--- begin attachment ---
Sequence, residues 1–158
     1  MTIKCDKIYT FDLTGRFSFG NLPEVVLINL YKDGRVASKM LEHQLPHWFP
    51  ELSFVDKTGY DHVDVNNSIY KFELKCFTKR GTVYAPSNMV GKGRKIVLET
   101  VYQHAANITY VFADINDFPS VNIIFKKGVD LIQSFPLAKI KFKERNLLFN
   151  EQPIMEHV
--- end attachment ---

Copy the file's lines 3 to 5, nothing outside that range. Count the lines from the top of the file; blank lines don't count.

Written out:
    51  ELSFVDKTGY DHVDVNNSIY KFELKCFTKR GTVYAPSNMV GKGRKIVLET
   101  VYQHAANITY VFADINDFPS VNIIFKKGVD LIQSFPLAKI KFKERNLLFN
   151  EQPIMEHV